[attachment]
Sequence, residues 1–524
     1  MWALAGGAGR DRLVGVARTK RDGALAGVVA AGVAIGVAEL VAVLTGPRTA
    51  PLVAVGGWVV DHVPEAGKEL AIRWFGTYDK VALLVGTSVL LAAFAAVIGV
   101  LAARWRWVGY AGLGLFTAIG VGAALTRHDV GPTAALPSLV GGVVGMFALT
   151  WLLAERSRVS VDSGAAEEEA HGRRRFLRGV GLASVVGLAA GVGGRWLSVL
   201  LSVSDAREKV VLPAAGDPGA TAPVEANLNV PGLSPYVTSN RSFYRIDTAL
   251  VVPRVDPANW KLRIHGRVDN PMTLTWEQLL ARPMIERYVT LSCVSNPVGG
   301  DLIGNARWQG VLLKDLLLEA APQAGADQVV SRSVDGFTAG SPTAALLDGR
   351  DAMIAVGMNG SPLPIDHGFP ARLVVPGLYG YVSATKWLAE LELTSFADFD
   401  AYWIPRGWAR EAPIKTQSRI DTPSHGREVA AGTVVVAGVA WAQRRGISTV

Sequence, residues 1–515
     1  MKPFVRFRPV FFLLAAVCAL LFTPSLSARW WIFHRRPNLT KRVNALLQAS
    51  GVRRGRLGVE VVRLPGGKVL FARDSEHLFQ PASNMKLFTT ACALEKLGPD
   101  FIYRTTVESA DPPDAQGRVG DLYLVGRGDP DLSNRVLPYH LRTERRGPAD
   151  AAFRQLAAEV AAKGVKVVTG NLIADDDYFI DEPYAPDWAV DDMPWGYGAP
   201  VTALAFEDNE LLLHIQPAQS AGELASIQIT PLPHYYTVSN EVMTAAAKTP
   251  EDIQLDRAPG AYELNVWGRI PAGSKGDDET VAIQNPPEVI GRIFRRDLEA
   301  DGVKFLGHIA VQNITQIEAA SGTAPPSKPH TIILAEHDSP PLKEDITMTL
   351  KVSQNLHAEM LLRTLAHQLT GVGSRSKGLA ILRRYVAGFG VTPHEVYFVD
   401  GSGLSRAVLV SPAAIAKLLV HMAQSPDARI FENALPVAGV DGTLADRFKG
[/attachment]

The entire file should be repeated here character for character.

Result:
Sequence, residues 1–524
     1  MWALAGGAGR DRLVGVARTK RDGALAGVVA AGVAIGVAEL VAVLTGPRTA
    51  PLVAVGGWVV DHVPEAGKEL AIRWFGTYDK VALLVGTSVL LAAFAAVIGV
   101  LAARWRWVGY AGLGLFTAIG VGAALTRHDV GPTAALPSLV GGVVGMFALT
   151  WLLAERSRVS VDSGAAEEEA HGRRRFLRGV GLASVVGLAA GVGGRWLSVL
   201  LSVSDAREKV VLPAAGDPGA TAPVEANLNV PGLSPYVTSN RSFYRIDTAL
   251  VVPRVDPANW KLRIHGRVDN PMTLTWEQLL ARPMIERYVT LSCVSNPVGG
   301  DLIGNARWQG VLLKDLLLEA APQAGADQVV SRSVDGFTAG SPTAALLDGR
   351  DAMIAVGMNG SPLPIDHGFP ARLVVPGLYG YVSATKWLAE LELTSFADFD
   401  AYWIPRGWAR EAPIKTQSRI DTPSHGREVA AGTVVVAGVA WAQRRGISTV

Sequence, residues 1–515
     1  MKPFVRFRPV FFLLAAVCAL LFTPSLSARW WIFHRRPNLT KRVNALLQAS
    51  GVRRGRLGVE VVRLPGGKVL FARDSEHLFQ PASNMKLFTT ACALEKLGPD
   101  FIYRTTVESA DPPDAQGRVG DLYLVGRGDP DLSNRVLPYH LRTERRGPAD
   151  AAFRQLAAEV AAKGVKVVTG NLIADDDYFI DEPYAPDWAV DDMPWGYGAP
   201  VTALAFEDNE LLLHIQPAQS AGELASIQIT PLPHYYTVSN EVMTAAAKTP
   251  EDIQLDRAPG AYELNVWGRI PAGSKGDDET VAIQNPPEVI GRIFRRDLEA
   301  DGVKFLGHIA VQNITQIEAA SGTAPPSKPH TIILAEHDSP PLKEDITMTL
   351  KVSQNLHAEM LLRTLAHQLT GVGSRSKGLA ILRRYVAGFG VTPHEVYFVD
   401  GSGLSRAVLV SPAAIAKLLV HMAQSPDARI FENALPVAGV DGTLADRFKG